Most of you know about zero waste, which, of course, means that nothing gets sent to a landfill and that we live according to the following principals: reduce, refuse, reuse, rot and recycle. This works in the home, but did you know that you also can garden the zero waste style? This is what my family now does. The goal is to cleverly reuse and upcycle items so we can significantly reduce our garden waste as well. As a bonus, we save money.
Soil—You can keep improving soil by adding lots of mulch and compost. This way, you do not need to continually buy soil. Compost will add microorganisms. Adding grass clippings, leaves, and discarded plant materials will increase its fertility. And there’s not a way to add too much organic matter to your soil. In fact, if you grow your soil, the plants grow themselves.
Seeds—If you’re part of a garden community or have joined a Facebook garden group, the odds are that people are offering free seeds or seedlings, or happily will trade. There are also seed libraries, so check around for them and, of course, save your own seeds for replanting. I already have shared a post about making your own seedling pots from upcycled materials like milk cartons and toilet rolls. You can find that post here.
Water—Rain water is free, so take advantage of harvesting it. For us, who grow food in San Diego’s hot climate, rain harvesting is a great way to be water wise. Another way we made our garden water wise, and therefore save lots of money, was to remove all the grass, then plant either garden boxes or succulents that one of our neighbors was giving away. We also water all of our fruit trees with grey water from our washing machine. My husband created a very simple grey water system himself.
Mulch—I always smile when I hear how much money people spend on mulch when it’s usually free somewhere in your neighborhood. We use grass clippings, weeds and leaves, and old plants as mulch.
Planter boxes and pots—Look for recycled materials to use as plant containers, and free wood and boxes online. Old wood pallets are usually found for free, and they are great for making bed edging for new raised beds. Furthermore, wood pallets are great for creative vertical gardens for a south-facing wall. We have found lots of pots, planters, old wood, etc., to use for building boxes and planting plants in. If you choose pallet wood, just make sure that you know what the pallets were used for and if they were treated with chemicals that you do not want in your garden.
Fertilizer—Compost is the very best fertilizer, as I said, a key for growing seeds, soil and plants. Another free fertilizer is bunny and guinea pig poop. Unlike other animal poop, bunny and guinea pig poop does not need to be composted first in order to be used in garden beds. We’re lucky to have a bunny doing his part to help fertilize the garden. If you don’t have one of these pets, I bet you know someone who does and might be happy to give you some.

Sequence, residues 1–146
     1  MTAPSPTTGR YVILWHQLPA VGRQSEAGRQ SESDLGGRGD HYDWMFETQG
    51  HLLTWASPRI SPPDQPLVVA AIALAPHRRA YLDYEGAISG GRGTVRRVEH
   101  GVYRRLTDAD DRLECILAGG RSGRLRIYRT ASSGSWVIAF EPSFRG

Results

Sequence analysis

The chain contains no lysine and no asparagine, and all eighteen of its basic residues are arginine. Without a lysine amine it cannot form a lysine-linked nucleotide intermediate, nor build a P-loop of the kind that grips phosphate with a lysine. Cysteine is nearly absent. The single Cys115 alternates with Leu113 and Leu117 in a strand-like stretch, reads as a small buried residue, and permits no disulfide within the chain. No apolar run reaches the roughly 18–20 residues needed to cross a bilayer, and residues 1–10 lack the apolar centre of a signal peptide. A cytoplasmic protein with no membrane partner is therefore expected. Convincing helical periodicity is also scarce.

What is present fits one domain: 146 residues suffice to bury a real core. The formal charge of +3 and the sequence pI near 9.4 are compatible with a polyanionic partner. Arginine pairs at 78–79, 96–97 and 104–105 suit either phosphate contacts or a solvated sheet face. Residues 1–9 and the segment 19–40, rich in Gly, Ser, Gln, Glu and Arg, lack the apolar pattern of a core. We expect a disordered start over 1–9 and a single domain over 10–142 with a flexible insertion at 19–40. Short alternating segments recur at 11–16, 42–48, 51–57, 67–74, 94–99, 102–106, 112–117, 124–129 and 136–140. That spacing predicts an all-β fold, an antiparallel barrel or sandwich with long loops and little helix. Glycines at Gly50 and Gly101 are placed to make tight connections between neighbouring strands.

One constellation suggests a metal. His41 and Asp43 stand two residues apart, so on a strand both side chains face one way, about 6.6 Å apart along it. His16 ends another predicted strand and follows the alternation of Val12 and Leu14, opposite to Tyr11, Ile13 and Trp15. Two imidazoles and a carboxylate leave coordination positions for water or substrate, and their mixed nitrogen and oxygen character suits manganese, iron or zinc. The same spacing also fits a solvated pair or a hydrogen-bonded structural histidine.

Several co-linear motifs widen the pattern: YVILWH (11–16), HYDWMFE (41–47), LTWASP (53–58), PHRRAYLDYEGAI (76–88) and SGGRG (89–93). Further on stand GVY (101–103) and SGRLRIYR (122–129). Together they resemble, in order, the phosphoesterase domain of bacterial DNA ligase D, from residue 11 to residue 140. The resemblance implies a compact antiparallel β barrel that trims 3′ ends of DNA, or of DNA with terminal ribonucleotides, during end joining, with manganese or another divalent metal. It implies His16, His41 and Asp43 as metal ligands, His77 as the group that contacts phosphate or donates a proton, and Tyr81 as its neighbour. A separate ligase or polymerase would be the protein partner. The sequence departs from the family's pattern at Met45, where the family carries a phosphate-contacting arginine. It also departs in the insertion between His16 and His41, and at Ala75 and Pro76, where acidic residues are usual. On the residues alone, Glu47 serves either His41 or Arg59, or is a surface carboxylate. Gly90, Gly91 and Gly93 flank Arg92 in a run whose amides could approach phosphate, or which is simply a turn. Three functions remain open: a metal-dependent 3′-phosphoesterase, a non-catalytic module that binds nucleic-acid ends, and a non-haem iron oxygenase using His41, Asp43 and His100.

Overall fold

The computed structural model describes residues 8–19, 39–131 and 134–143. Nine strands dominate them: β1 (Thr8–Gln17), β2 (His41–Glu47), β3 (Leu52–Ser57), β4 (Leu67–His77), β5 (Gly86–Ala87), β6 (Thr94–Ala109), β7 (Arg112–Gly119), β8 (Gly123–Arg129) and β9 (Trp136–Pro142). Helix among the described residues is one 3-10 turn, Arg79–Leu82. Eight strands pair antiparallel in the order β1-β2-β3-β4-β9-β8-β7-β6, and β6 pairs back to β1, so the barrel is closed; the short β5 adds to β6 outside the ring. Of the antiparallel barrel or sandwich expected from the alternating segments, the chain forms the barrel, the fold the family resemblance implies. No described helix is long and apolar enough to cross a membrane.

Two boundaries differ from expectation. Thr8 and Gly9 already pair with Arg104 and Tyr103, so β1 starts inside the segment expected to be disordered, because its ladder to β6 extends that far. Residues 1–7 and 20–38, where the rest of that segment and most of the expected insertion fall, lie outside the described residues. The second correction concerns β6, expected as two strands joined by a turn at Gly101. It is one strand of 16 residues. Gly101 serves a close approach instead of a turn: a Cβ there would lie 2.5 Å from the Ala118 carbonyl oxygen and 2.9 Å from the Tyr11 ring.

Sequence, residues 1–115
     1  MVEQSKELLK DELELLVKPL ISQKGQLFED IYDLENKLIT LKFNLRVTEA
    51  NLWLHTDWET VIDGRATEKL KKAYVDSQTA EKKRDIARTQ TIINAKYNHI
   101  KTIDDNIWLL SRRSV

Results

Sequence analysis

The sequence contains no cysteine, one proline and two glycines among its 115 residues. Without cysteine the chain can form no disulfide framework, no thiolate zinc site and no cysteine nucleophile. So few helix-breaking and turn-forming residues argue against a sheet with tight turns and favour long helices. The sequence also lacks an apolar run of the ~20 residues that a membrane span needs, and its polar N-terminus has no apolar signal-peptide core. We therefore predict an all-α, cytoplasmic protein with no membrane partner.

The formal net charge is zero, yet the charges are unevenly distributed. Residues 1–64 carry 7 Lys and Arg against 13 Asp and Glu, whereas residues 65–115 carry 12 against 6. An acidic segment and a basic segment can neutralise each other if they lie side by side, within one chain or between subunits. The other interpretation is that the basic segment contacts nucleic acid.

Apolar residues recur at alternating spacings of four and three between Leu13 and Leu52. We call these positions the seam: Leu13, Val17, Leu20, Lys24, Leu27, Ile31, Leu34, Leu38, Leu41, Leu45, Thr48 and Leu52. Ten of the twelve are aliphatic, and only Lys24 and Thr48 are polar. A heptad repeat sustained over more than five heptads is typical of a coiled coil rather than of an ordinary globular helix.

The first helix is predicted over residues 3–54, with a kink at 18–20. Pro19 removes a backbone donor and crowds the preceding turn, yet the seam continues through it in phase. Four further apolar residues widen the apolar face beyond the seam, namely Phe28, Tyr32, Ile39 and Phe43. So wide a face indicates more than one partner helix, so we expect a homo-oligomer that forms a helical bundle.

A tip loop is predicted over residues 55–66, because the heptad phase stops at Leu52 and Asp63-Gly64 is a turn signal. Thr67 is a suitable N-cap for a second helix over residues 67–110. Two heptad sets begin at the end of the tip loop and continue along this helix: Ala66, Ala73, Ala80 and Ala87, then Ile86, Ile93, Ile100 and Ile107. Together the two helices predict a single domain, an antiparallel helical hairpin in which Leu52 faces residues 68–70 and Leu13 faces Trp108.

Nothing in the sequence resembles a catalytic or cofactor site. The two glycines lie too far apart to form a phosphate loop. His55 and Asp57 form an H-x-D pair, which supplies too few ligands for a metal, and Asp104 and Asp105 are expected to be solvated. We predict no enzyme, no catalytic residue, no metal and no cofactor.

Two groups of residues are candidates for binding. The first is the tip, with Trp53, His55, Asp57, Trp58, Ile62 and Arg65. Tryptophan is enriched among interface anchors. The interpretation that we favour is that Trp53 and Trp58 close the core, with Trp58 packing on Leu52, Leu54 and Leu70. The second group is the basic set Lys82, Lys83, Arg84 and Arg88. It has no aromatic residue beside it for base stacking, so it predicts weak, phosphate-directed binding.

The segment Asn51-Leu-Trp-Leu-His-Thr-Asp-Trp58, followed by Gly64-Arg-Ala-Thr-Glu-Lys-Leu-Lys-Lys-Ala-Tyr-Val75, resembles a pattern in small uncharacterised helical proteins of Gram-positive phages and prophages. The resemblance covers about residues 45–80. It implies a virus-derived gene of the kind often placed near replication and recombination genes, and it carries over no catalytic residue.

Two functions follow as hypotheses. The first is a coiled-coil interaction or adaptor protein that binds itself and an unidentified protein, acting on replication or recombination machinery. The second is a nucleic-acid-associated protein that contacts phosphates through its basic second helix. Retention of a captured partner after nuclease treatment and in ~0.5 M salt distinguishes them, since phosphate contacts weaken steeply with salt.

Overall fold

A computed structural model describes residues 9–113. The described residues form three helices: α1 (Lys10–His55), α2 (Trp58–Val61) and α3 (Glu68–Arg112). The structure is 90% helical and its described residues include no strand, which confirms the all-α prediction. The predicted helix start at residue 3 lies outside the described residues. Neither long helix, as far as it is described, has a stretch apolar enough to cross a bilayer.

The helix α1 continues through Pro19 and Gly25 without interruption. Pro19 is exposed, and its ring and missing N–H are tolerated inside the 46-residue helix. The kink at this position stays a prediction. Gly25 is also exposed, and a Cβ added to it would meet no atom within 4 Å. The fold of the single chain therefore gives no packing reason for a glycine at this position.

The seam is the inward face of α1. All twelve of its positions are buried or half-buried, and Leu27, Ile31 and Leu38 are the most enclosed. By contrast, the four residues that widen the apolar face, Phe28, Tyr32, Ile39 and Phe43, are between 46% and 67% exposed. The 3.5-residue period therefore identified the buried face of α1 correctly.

Calcium powder—Calcium powder raises the PH of soil. Tomatoes especially need that in order to grow healthy fruit. We make our own calcium powder by first boiling egg shells, then drying them in a 350°F oven until completely dry. After that, we grind them to a powder in a mixer.
Compost—Homemade compost is the key for growing healthy and nutrient dense vegetables. I always say start composting before starting a garden. Compost enriches the soil, helps it retain moisture, and suppresses plant diseases and pests. It also reduces the need for chemical fertilizers.
Sure you can buy compost, but why should you when creating your own is so easy and free. Plus, composting your organic waste also helps reduce your waste, so it’s a win-win, right?
You can compost simply by using the dig and drop method:
- Dig a hole, approximately 10 to 12 inches deep and as wide as you want or need it to be.
- Drop food scraps or other organic matter into the hole.
- Replace the soil, and you’re finished.
We have a garden compost heap, which is where we combine garden discards and chicken poop, which has to be composted before being used as fertilizer. For our garden compost, we built a simple wooden bin in a corner. We also compost using a worm bin that we made ourselves from two storage bins. Here are ways to make your own compost bin.
Pesticides and insecticides—You never want to use any harsh chemicals to eliminate bugs in your garden, so we primarily use castile soap to fight off most common bugs. We also employ essential oils like peppermint and thieves oil. All you need is a glass spray bottle and water. Another method of fighting pests is companion planting. You can read more about that here.
The fact is that gardening is an investment of time, not money.